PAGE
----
There is one genuine danger associated with any evaluation enterprise if that enterprise is as successful and influential as the PGR has been. People undoubtedly adjust their behavior in reponse to evaluation metrics, and it is important to make sure that the incentives created by such metrics encourage constructive adjustments. Producing both overall and specialty rankings ensures that there are many different benchmarks on which faculties can improve their standing. Including in the evaluator pool senior and junior scholars, and scholars from a diverse array of sub-specialties, ensures that no one vision of the field dominates. (Although in the current iteration of the PGR, coming out on Monday, specialists in Continental philosophy are probably slightly over-represented relative to their numbers in the profession, this will not, I am sure, cause even the slightest hesitation by certain marginalized cliques from misrepresenting the PGR, as they always do. Any field with a noisy minority faction will be impossible to satisfy in any serious evaluation effort.) How to deal with the self-reflexive character of a regular evaluation exercise is a topic on which I continue to welcome input and advice.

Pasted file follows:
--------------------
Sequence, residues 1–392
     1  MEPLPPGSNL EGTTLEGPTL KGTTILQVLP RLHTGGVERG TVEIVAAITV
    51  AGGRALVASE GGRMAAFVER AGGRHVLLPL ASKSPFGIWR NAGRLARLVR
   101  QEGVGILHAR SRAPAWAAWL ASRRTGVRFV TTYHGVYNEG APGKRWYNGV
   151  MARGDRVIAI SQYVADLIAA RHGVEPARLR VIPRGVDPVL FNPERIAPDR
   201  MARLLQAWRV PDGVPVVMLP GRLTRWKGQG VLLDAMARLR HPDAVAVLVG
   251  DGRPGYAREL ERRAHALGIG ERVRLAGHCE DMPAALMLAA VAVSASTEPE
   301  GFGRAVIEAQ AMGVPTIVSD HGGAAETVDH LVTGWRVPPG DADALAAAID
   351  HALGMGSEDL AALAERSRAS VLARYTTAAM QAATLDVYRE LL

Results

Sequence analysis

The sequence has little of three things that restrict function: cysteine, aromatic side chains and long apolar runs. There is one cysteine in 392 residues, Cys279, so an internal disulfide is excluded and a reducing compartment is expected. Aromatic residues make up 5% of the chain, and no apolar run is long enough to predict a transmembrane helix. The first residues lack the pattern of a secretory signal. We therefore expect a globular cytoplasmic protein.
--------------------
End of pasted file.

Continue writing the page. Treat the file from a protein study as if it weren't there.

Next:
I have to confess that sometimes I'm not sure I would have undertaken the efforts in the beginning if I had realized how disgracefully alleged professionals and adults would have behaved over the years. Don't misunderstand: I am both glad and proud to have helped so many students who shared my own enthusiasm for philosophy, and I do appreciate the many hundreds of e-mails students have sent me over the years, and the tremendous support and encouragement from hundreds of professional philosophers as well. I am glad that leading PhD programs now provide unusually detailed information about job placement, something I forced them to do with the threat of embarrassment by calling attention to their secrecy (this, of course, led to much indignation including, memorably, by a leading Kantian moral philosopher: obviously it violates the categorical imperative to let prospective students know if PhD graduates from a school are getting jobs!). I am pleased to have broken the mindless focus on pedigree that predated the PGR, in which "Ivy League" or "Berkeley" or "Chicago" were arbiters of excellence, without any regard for the quality of the faculties at these institutions. But the costs--in terms of having to defend the enterprise again and again (rarely against meritorious criticism), and to suffer at times mindless abuse and defamation--have sometimes been quite tiresome. Being above average in pugnacity, needless to say, is also a useful attribute in this kind of undertaking, since the more successful it is, the more often it will be attacked.